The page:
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“Leadership is leading by example.” With Ben Ari & Susan Cartsonis

Fund female-led film ventures. I believe that where women lead, all inclusion follows. As women, we are a majority who are underrepresented, and we are sensitized to exclusion. I think that gender and racial equity are closely linked. Women are more likely to build mixed teams and make inclusive films. There are exceptional men doing […]

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Fund female-led film ventures. I believe that where women lead, all inclusion follows. As women, we are a majority who are underrepresented, and we are sensitized to exclusion. I think that gender and racial equity are closely linked. Women are more likely to build mixed teams and make inclusive films. There are exceptional men doing the same: Tyler Perry and Paul Feig to name two.


I had the pleasure of interviewing Susan Cartsonis. Susan is a Hollywood producer and one of the top five grossing producers of the year for What Women Want and Where the Heart Is. Her newest film Feel the Beat premiered on Netflix in June.

Cartsonis, an executive at 20th Century Fox for a decade, rose from script reader to Senior VP of Production. At Fox, she supervised the talent deals of the Farrelly Brothers, Geena Davis, Richard Gere, and Johnny Depp. Cartsonis is a member of the Academy of Motion Picture Arts and Sciences, The Television Academy, and the Independent Committee of the Producer’s Guild. She is a board member of the screenwriter mentoring non-profit, Cinestory, and is a mentor for the Meryl Streep- founded, The Writer’s Lab, which mentors female screenwriters over forty. Cartsonis is an advocate and frequent speaker on and for the representation of the female perspective in the film.


Thank you so much for doing this with us Susan! Can you tell us a story about what brought you to this specific career path?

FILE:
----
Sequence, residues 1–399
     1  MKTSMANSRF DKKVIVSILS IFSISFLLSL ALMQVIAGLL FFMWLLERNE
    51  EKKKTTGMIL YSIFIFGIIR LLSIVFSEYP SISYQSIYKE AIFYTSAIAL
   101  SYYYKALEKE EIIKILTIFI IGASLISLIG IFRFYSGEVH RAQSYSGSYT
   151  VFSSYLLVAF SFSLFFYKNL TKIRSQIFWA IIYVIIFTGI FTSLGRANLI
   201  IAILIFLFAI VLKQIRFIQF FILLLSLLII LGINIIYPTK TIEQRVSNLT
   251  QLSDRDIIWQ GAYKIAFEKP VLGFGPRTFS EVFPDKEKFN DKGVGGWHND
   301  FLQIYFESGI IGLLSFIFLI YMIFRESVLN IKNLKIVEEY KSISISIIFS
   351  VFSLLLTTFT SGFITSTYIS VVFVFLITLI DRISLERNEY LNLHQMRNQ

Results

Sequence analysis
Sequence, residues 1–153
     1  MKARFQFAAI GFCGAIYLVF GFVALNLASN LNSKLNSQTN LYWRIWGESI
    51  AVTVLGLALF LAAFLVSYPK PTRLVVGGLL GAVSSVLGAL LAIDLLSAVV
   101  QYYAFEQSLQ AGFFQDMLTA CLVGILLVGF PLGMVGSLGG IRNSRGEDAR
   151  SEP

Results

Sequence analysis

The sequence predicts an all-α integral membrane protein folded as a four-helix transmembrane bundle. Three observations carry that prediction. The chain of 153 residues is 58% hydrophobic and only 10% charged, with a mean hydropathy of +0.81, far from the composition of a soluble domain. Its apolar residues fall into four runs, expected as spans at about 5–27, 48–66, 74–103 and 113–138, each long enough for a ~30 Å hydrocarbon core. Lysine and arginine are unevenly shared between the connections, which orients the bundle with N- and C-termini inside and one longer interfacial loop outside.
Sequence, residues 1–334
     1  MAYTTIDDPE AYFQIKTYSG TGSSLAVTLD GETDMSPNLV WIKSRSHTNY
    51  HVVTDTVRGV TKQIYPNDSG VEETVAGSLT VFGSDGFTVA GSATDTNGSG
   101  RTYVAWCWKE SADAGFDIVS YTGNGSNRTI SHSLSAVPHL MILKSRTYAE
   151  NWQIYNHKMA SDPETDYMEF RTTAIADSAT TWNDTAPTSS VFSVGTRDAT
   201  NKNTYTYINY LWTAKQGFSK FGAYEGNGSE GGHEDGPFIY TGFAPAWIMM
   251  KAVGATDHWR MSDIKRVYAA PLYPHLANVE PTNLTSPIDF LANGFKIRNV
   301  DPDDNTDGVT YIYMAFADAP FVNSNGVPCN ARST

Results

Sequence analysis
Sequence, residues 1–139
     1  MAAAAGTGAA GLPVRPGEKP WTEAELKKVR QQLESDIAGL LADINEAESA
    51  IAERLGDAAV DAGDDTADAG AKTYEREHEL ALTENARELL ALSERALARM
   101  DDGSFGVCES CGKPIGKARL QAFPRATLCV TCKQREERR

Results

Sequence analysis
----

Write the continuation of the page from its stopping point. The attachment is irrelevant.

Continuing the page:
I drew pictures when I was very young, and when I was four, in Pittsburgh, Mr. Rogers held up one of my drawings on his local television show with Miss Josie. I was bitten by the show biz bug. Film production is a combination of creativity, people skills, and organization. I am the oldest of five children from a middle-class family, which means that with two working parents I organized, fed, and entertained a small army while my parents worked. I dreamt up creative meals and activities for my younger siblings. When I was 8 my twin brothers Jonathan and Michael were born and I would tell them stories before they went to bed. My parents (an urban planner/architect, and social worker) were active in progressive politics in a conservative state (Arizona) and it had an influence on me. In 8th grade, I organized a walkout on a racist teacher and cowrote and directed a 5 minute super 8 movie called “Alice’s Nightmare” which won the first Arizona State University Film competition. The film started in color (like “The Wizard of Oz”). Alice, an innocent girl in a pinafore, falls asleep in an orange orchard. She wakes on a street and the film is suddenly black and white. She is confronted with the ills of modern society, which if I remember are rudeness, drugs, and pollution. Finally “Alice” screams and wakes from the nightmare and finds herself in color, in the orange grove again. After a childhood of putting on plays, and with my father’s encouragement, I set my sights on film. I thought I would be a director but saw that Lina Wertmuller and later Gillian Armstrong were my only female role models and correctly surmised that the barrier to entry for women was very high. That combined with the expense of equipment and the fact that I didn’t have money for filmmaking made me turn to other ways to tell stories.

Can you share the most interesting story that happened to you since you began your career?